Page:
On a warm Friday evening that concluded the hottest day of an anxious summer, a big audience in Los Angeles sought solace in a film about people overcoming their own anxieties.
The Zócalo Summer Movie Series at LA Plaza presented Little Miss Sunshine, a 2006 indie classic about a failing father with a self-improvement program, his wife, her suicidal Proust scholar brother, a silent Nietzsche-worshipping teen son, a drug-addled and sex-crazy grandfather, and a seven-year-old daughter who drags the whole family on a road trip to a children’s beauty pageant in California via a temperamental VW bus.
“I love this movie,” said Michael Herrera, a Cal State Northridge journalism student. “It’s one of those movies that stays with you. I like the dysfunction of the family and how, despite that, they come together and share their happiness.”
As the sun set, hundreds of Angelenos—some filling the venue’s chairs, others on blankets or the grass—shared dinners and snacks, some brought and some purchased on site.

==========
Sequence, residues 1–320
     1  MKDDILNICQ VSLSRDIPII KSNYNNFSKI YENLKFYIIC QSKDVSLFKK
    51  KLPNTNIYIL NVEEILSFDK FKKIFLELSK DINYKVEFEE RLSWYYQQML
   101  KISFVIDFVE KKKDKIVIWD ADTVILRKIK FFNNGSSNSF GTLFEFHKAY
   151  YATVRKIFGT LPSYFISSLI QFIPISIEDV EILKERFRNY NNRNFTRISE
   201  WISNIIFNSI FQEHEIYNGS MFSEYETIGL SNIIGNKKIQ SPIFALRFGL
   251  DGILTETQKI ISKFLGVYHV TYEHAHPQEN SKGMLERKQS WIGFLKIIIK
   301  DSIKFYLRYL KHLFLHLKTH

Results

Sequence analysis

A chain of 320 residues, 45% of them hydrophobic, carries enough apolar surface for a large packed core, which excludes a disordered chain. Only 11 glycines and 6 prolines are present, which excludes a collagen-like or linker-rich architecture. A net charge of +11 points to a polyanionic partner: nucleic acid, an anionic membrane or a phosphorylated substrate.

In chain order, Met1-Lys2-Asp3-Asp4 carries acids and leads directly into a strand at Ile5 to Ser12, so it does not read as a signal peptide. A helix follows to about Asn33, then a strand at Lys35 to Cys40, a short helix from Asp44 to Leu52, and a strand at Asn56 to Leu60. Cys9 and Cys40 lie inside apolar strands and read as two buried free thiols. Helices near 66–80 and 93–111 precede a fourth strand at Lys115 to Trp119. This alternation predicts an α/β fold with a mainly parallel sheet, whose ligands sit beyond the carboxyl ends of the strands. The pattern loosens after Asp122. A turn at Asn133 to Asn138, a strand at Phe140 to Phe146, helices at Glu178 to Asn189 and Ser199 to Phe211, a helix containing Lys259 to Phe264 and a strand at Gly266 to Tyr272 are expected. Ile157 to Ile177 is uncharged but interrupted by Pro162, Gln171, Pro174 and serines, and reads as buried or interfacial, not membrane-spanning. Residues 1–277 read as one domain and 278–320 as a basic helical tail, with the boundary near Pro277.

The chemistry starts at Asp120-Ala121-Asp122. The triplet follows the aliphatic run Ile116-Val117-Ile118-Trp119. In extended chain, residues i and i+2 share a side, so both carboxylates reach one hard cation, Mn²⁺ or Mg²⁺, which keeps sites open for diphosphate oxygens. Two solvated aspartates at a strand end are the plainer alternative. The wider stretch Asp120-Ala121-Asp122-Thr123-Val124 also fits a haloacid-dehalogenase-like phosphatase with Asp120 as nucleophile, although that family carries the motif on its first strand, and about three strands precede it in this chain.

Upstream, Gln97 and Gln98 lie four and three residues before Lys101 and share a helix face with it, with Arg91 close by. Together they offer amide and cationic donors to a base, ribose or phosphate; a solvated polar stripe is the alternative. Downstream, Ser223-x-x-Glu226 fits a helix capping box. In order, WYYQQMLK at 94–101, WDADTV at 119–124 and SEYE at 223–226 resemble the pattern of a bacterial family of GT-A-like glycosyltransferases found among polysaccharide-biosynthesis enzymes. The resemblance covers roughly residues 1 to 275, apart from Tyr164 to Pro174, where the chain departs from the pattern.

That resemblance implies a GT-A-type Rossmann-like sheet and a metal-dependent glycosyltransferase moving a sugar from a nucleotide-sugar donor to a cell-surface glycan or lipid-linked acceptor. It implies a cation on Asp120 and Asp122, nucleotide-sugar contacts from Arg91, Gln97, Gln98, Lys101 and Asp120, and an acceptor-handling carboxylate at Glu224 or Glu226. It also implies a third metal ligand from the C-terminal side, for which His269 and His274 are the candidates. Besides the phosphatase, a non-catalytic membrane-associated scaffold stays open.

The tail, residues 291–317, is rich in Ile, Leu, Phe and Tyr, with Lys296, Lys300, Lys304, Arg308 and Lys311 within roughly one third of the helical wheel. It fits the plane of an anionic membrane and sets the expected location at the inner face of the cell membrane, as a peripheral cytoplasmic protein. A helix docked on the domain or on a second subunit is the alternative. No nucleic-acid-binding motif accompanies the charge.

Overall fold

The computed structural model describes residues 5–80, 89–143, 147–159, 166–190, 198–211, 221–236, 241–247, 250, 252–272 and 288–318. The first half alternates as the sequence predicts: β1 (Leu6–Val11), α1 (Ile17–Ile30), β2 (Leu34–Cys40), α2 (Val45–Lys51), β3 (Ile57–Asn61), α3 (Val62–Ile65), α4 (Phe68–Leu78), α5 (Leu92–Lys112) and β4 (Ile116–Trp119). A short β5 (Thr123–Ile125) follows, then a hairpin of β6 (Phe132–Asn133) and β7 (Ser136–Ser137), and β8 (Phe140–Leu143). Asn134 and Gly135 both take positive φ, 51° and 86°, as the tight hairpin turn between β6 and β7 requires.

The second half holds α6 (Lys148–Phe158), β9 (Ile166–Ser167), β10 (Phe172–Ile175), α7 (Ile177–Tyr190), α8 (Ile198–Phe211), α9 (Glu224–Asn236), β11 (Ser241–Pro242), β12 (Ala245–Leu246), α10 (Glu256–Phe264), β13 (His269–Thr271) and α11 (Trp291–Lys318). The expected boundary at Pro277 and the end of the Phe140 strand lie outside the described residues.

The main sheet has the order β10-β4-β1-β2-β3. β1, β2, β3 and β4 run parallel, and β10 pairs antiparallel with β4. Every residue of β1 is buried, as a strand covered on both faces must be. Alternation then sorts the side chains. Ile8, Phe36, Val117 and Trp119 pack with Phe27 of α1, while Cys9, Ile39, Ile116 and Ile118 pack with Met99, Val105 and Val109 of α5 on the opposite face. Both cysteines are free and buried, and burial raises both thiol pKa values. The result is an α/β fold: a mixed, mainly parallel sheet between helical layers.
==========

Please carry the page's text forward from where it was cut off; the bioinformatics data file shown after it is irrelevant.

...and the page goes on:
“I like the movie for its artistic feeling and the music,” said Maria Sanchez, 26, who works in affordable housing policy. She came with Carolina Gamero, 26, and the two ate a dinner purchased at a nearby Chinatown restaurant.
Christopher Cantu, a teacher, and Natalie Morales, a community health worker, said they had come to the movie because “we’re looking to do something together.”
“It’s nice to be outside,” said Cantu.
Morales, like many of those attendance, recalled seeing the movie when it debuted 10 years ago, and remembered liking it. But she’d forgotten details. “I saw it with my mom back then,” she said. “She thought it was inappropriate for me at the time. So I want to see it again.”
Little Miss Sunshine was a surprise popular and critical hit a decade ago. It made $100 million at the box office and was nominated for four Academy Awards, including best picture, and won two, for best original screenplay and best supporting actor for Alan Arkin’s performance as the grandfather.
The audience responded warmly to the movie, laughing throughout and applauding at its conclusion. There were a few gasps of surprise when the actor Bryan Cranston—two years before his star-making turn as Breaking Bad’s Walter White—appeared in a small role.
Bruno Bonilla, 37, said he had been on his way with friends to Union Station when he saw signs for the screening, stopped by, and stayed to see the movie for the first time. “I had no idea this was happening,” he said. “We were just passing by, and came in, and the movie was good—awkward and funny.”